Attempts at perfection are destined to fail. This project embraces the impossibility of perfection in human execution and digitally simulates these imperfections.
In his abstract minimalist work, visual artist Wouter Kalis steers away from meaning. Horizontal black and white paper strips are placed on colored paper panels and one strip dictates the placing of the next. However, each attempt at perfection ends in failure. These mistakes have now become the signature of his work and contribute to the depth of content.
Digital representations of minimalist art can be executed to perfection but are less interesting to look at. In this project, artist Wouter Kalis and his son, software engineer Rosco Kalis, together attempt to recreate the human touch in digital art, the imperfection.
Physical + Digital Art
The algorithm that generates the digital artworks was inspired by the process that Wouter uses for his physical paper artwork. As such, every NFT can be reproduced as a paper version. Holding an Imperfections NFT makes you eligible to purchase a physical reproduction of that NFT. Due to the manual nature of the physical work, this will never be an exact replica of the digital work, and similarly no digital work will be an exact replica of the physical works.
While the original physical works can be purchased separately from the NFTs as well, purchasing a replica of your NFT will include an additional certificate to indicate the authenticity and the link between the digital and the physical work. If you are interested in purchasing a handmade physical replica of your NFT, please reach out to firstname.lastname@example.org.
When deciding color palettes for Imperfections, we were restricted by the selection of colored paper that was available in paper stores around Amsterdam. This restriction challenged us to find beautiful color combination within a very limited set of colors.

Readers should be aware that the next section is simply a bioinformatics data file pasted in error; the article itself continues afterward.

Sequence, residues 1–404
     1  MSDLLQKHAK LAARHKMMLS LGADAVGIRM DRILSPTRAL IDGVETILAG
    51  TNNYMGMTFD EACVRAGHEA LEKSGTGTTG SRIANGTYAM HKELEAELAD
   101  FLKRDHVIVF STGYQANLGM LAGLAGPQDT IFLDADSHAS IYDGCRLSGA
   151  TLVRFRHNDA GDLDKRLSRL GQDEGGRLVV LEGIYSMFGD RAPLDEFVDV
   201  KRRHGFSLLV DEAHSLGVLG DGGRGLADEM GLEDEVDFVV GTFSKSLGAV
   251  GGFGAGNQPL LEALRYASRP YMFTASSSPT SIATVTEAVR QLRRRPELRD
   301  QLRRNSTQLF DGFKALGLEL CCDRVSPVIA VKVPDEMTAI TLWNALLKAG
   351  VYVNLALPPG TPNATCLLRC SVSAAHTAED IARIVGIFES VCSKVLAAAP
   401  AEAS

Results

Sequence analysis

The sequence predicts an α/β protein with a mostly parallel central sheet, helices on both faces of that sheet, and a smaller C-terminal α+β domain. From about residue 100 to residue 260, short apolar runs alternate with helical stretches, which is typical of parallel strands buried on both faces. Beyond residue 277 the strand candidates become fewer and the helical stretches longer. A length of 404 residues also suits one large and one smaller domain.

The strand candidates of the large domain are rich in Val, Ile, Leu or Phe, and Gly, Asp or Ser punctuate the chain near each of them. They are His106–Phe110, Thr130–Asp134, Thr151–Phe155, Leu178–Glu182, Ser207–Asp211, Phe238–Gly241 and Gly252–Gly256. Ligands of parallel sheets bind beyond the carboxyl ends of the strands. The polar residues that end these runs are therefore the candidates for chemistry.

The Rainbow palette is what started this project. For the initial prototype we used only the paper that we already had, and most of the Rainbow palette is still based on those initial colors. Rainbow Monochrome and Rainbow Duochrome use only one or two colors from the Rainbow palette, respectively. Most other palettes apply different shades of the same color family.
Black or white strips of paper are placed on top of the colored panels. The Stripe Palette feature determines the colors of these strips. Some color palettes only work with certain stripe palettes, others work with every stripe palette.
The Imperfections feature is what gives this collection its name. When manually cutting and placing paper strips on top of paper panels, mistakes are guaranteed to happen, even when using professional cutting equipment. These mistakes are approximated by the generative algorithm. This feature determines how noticeable the artwork's imperfections are.
The Panel Size feature determines the size of the individual panels within the artwork. Because the total size of the artwork stays the same, smaller panel sizes automatically imply more panels.
The Orientation feature determines the orientation of the total composition of the artwork. Because panels have a 2:3 aspect ratio, the Square orientation implies a 3:2 aspect ratio for the number of panels. If the artwork has more columns than that it has a Landscape orientation. With fewer columns it has a Portrait orientation.